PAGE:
Body functions and activities are algorithmically monitored, regulated and modulated. In this way, human bodies distributed in space and time are increasingly connected in a worldwide network. The Internet of Things and the Internet of Bodies themselves are inseparable and require each other in what I call “intervention”.
In contrast to evolution, which unfolds over time, intervolution is an entanglement over time, an evolutionary process in which seemingly discrete bodies and things work together to weave mutually adaptable networks. The Internet of Things and the Internet of Bodies – think of them as intelligent things and intelligent bodies – are thus connected to an intervolutionary network that will produce nothing less than the people of the future.
The global network that is developing around us forms the biotechnical infrastructure for future physical and cognitive development. Expanded bodies and expanded thoughts will unite into superorganisms and superintelligence. The expanded mind will not only extend from external devices and processes to the internal recesses of what we once held to be our private selves, but also extend in the opposite direction – from once impenetrable internal processing to once inaccessible external networks.
This interaction of machines and mind creates a form of super intelligence that already exceeds human cognitive abilities. Superorganisms, made up of prostheses and implants that communicate through bodies in the cloud, extend the current lifespan by making full use of and exploiting the deep truth that all life is shared.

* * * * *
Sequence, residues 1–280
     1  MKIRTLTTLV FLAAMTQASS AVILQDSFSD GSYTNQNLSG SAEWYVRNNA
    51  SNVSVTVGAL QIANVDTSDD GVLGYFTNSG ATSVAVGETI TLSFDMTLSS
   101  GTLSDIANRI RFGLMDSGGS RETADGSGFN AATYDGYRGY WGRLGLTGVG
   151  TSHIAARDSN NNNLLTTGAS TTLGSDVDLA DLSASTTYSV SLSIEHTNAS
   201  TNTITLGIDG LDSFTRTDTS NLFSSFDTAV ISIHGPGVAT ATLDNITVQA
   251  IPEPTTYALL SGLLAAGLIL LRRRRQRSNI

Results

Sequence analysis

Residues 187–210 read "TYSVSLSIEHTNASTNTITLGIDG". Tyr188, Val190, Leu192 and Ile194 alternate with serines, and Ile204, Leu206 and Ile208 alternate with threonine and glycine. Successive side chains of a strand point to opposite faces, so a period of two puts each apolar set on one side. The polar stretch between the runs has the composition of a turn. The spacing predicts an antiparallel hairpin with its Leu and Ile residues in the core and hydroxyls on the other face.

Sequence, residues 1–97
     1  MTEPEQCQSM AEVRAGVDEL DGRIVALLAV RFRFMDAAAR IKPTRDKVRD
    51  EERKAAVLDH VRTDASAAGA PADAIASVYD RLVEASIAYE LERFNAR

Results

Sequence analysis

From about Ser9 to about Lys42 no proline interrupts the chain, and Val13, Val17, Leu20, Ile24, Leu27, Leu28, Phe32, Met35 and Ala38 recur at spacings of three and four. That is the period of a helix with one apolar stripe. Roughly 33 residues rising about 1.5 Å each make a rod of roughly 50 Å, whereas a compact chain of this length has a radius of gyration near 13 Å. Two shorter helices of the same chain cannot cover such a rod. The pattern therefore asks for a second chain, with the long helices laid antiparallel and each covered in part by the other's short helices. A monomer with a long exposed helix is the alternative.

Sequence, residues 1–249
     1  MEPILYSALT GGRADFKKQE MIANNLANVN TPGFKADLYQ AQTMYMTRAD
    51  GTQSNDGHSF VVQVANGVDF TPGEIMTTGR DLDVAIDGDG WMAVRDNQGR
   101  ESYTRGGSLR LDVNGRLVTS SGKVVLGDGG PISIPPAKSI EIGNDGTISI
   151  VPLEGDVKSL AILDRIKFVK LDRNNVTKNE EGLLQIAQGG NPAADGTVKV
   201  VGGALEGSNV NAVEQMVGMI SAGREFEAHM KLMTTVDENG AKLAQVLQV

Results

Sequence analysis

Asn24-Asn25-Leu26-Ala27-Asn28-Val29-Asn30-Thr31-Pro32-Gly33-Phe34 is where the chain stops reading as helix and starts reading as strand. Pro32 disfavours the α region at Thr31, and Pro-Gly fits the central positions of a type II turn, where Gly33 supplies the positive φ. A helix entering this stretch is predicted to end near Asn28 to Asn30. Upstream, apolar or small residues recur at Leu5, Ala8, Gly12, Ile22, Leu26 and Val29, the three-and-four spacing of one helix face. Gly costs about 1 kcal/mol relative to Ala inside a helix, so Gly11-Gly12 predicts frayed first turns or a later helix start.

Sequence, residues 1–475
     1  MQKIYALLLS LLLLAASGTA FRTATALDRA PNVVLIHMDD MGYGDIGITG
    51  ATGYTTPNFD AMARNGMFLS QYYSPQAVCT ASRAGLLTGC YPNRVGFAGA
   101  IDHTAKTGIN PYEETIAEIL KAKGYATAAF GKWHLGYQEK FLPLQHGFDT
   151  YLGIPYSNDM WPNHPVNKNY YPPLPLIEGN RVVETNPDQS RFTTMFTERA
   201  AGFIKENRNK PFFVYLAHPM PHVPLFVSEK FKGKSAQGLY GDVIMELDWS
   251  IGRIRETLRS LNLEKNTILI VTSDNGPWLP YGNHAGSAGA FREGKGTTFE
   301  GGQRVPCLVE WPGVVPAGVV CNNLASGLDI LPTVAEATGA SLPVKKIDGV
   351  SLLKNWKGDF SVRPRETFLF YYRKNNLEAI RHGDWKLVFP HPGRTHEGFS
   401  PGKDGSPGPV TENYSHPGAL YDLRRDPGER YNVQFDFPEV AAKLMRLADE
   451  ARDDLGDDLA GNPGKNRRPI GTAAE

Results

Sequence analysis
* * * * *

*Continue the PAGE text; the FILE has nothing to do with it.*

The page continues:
Diabetes has taught me that I am never just myself, but always different from myself. As my pump and I first met and learned to live together, I found that my body extends beyond itself.
The intranet of my body, the Internet of Things, and the Internet of Bodies share a common language and can therefore communicate with each other. Sometimes we get this wrong and have to recalibrate it. Fortunately, my pump always calculates, thinks and speaks to my body and other intelligent things, even when I am not.
I have become a node in this network of networks and I can no longer live without it. Just as mind and body cannot be separated, the superorganism and superintelligence are interdependent and interconnected. I do not impose my intelligence on an unruly world or resilient others; on the contrary, I am just a fleeting moment in a process that includes me and surpasses me.
I now realize that the body and mind that I once believed to be my own are expressions of an intelligence that is neither simply natural nor merely artificial. As sentient environments and distributed insights continue to expand, I, along with all other intelligent things and intelligent bodies, will contribute to the complex intervolutionary process that will continuously shape everything and everyone for a long, long time.
Mark C. Taylor is Professor of Religion at Columbia University and author of Intervolution: Smart Bodies, Smart Things.
Now printed: “Modern ethics in 77 arguments,” and “The Stone Reader: Modern Philosophy in 133 Arguments, ”With articles from the series, edited by Peter Catapano and Simon Critchley, edited by Liveright Books.
The Times is committed to publishing a variety of letters To the editor. We’d love to hear what you think about this or any of our articles. Here are some Tips. And here is our email: [email protected].
Follow the “New York Times Opinion” section on Facebook, Twitter (@NYTopinion) and Instagram.